Of the total $5.4 billion price for Stuy Town, the Speyers paid about 1 percent — or $56 million — of their own money. The Crown family in Chicago, their longtime partner and a stakeholder in Hilton Hotels and the Chicago Bulls, put up another $56 million. The other 98 percent came from a range of investors.
The Speyers bought the complex from MetLife with plans to quickly upgrade it, raise rents and evict illegal tenants. That immediately sparked a controversy, since the complex was seen by many as a jewel of affordability at a time when Manhattan rents were skyrocketing.
In the end, the company couldn’t fulfill its promise to investors to rapidly increase Stuy Town’s cash flow.
While the failure was largely seen as Rob’s, since he had led most of the negotiations, the deal almost certainly wouldn’t have happened without his father’s input, sources say. Two people familiar with the negotiations said they never saw Jerry in a meeting — yet Rob and his father are said to discuss deals privately.
Tishman Speyer may not have lost much of its own money, but the deal was one of Speyer’s first as co-CEO and was embarrassing.
It was also something of a black eye for the Speyer family — long viewed as civically responsible — to be seen as pushing out struggling tenants.
“He smashed the piggy bank and walked away with the money,” said Benjamin Dulchin, executive director of the Association for Neighborhood and Housing Development, a tenant-advocacy nonprofit. “People lost money, but it wasn’t him — he likely made himself mostly whole again.”
Nevertheless, the failure hit Speyer hard personally.
“I thought about the different investors who’d signed up to the deal,” he told New York Times reporter Charles Bagli for the book “Other People’s Money,” which chronicled the unraveling of the deal. “It really shook me. Cecilie said to me, ‘What’s going to define you is how you react to this. It’s not the failure. It’s how you deal with the failure.’”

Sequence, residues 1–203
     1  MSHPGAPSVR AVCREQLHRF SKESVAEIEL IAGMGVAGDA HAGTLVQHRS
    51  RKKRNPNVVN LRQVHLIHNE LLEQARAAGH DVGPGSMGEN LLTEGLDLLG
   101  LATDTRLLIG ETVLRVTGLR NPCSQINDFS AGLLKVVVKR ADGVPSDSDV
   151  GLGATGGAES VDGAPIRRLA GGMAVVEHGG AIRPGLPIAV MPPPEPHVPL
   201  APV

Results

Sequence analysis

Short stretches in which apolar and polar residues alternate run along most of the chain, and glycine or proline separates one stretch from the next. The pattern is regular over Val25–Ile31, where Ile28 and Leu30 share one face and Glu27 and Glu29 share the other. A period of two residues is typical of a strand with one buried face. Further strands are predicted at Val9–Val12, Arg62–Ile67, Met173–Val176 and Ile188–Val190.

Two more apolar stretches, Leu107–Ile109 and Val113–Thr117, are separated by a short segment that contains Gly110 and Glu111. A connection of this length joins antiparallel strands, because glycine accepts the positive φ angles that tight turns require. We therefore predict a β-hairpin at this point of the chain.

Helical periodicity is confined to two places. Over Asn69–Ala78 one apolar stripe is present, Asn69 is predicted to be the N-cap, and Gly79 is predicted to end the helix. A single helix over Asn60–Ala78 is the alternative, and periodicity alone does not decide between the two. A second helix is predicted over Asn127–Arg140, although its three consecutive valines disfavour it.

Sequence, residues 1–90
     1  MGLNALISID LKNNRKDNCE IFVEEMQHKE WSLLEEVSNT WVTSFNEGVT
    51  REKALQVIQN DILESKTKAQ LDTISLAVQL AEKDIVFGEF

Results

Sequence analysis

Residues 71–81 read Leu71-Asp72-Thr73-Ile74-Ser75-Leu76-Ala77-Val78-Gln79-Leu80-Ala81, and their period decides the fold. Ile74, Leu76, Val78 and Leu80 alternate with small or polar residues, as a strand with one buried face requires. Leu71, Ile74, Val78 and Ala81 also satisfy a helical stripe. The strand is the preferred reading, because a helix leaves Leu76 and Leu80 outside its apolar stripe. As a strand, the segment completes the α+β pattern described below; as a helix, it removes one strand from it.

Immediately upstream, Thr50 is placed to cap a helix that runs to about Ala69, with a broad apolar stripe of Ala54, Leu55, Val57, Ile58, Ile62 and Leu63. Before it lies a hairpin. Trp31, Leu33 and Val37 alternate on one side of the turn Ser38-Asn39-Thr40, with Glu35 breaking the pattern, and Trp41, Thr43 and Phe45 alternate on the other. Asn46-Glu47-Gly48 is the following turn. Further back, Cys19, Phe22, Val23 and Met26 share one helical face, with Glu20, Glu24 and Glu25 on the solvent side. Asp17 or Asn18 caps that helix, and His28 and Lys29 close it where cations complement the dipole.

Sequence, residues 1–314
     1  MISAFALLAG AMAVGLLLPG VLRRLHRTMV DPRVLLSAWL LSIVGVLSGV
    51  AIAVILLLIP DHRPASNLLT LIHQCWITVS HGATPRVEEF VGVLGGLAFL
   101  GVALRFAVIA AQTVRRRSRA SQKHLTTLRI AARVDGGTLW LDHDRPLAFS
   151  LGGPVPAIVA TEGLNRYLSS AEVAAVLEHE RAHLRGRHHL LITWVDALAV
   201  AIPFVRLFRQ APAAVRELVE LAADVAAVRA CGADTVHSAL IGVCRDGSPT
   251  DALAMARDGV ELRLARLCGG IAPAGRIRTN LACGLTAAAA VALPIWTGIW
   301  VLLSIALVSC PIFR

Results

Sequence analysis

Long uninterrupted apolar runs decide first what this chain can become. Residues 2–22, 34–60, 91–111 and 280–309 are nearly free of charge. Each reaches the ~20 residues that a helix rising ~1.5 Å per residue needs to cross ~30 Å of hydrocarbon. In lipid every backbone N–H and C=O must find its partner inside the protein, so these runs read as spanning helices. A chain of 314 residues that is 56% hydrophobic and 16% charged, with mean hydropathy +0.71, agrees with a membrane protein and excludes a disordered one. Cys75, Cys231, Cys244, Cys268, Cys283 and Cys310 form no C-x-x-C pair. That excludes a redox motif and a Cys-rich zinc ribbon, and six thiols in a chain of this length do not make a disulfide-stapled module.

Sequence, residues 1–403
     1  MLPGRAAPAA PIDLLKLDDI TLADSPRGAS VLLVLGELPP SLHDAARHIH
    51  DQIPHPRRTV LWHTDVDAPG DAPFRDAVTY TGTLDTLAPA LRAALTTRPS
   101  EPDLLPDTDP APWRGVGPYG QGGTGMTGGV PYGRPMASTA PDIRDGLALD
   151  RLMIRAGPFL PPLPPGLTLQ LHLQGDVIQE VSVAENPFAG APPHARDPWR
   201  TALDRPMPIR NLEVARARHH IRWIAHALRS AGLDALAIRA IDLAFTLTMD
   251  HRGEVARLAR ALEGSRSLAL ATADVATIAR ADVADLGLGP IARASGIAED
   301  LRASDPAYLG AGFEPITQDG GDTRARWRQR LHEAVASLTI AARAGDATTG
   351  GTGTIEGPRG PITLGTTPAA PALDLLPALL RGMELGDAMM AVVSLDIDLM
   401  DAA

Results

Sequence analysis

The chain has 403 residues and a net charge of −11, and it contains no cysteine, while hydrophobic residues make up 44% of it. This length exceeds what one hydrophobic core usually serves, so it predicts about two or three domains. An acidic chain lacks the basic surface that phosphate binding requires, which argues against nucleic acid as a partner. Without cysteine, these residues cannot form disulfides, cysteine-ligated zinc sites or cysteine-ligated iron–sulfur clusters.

Some say the failure had a profound impact on Speyer’s confidence.
“He was arrogant before that,” said one person close to him, who asked to remain unnamed. “I don’t think people would necessarily say that about him now. He doesn’t have those same big cojones that he used to.”
Not just Manhattan
While the Speyers’ trophy towers are still important to their branding, they are no longer the family’s greatest sources of income.
California billionaire Donald Bren has accumulated a 97.3 percent stake in the 59-story MetLife Building over the past decade, while Tishman Speyer’s portion has shrunk to less than 3 percent. And the firm owns just 10 percent of the Chrysler Building, with the government of Abu Dhabi now owning a 90 percent stake.
These days, Speyer oversees a handful of less-sexy projects to generate returns. Among those are three Long Island City towers that will house about 1,900 rental apartments and 13,500 square feet of retail space. The project, due for completion next year, will be one of the largest residential hubs ever built in Queens.
The company is also constructing two 27-story office towers totaling 1.1 million square feet and connected by a four-story retail podium. When completed in 2019, the towers will represent the single biggest addition to LIC’s office inventory in more than a quarter of a century.